Making up for Lost Time: Stratigraphic and Geochemical Implications of a Long-Lived Sturtian Glaciation

Thursday, 18 December 2014: 11:35 AM
Francis A Macdonald1, Mark David Schmitz2, Daniel James Condon3, Maoyan Zhu4, Alan D Rooney1 and Alan D Brandon5, (1)Harvard University, Cambridge, MA, United States, (2)Dept Geoscience, Boise, ID, United States, (3)NERC Isotope Geosciences Laboratory, Keyworth, United Kingdom, (4)Nanjing Institute of Geology and Palaeontology, Nanjing, China, (5)University of Houston, Houston, TX, United States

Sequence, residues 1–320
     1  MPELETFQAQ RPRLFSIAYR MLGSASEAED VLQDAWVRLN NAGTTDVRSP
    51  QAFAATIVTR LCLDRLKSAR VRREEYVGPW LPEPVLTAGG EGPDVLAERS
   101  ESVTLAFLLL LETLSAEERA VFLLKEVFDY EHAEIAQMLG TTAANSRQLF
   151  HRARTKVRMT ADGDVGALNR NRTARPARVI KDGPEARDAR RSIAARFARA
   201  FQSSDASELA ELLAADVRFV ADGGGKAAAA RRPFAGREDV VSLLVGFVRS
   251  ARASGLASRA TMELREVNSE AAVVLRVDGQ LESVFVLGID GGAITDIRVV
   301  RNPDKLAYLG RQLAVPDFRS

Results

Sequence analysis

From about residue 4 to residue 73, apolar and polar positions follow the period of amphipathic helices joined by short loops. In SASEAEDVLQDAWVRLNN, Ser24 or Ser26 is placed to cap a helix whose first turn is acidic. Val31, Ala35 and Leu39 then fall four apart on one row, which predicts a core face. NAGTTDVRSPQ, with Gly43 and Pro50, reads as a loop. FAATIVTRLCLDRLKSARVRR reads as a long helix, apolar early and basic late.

Geochronology provides a direct test of many models pertaining to the nature of Cryogenian climate change. Here we present new U-Pb and Re-Os geochronological constraints on Sturtian glacial deposits from Zambia, Arctic Alaska, Mongolia, South China, and throughout Laurentia. We present these new ages in stratigraphic, sedimentological and geochemical context to integrate data from other key localities, such as Namibia and Australia, and to construct a new age model for the Cryogenian Period. We find that there is no evidence for a global, pre-717 Ma glaciation. Instead, Sturtian glacial deposits appeared on all of these cratons by 717 Ma following widespread basaltic volcanism. We then review the nature and duration of the >50 Myr long Sturtian glacial epoch. In many localities, strata deposited during this interval are characterized by two massive diamictite units separated by diamictite-free, siliciclastic strata. These intervening clast-poor deposits are commonly interpreted to represent an interglacial period, however, alternatively they formed during a long-lived glaciation as newly rifted margins subsided and detached from the ice-grounding line. In the aftermath of the Sturtian glaciation, high sedimentation rates made up for lost time, and filled pent-up accommodation space, creating thick Cryogenian non-glacial interlude deposits on many margins. We discuss implications for geochemical cycles and the interpretation of carbon isotope anomalies.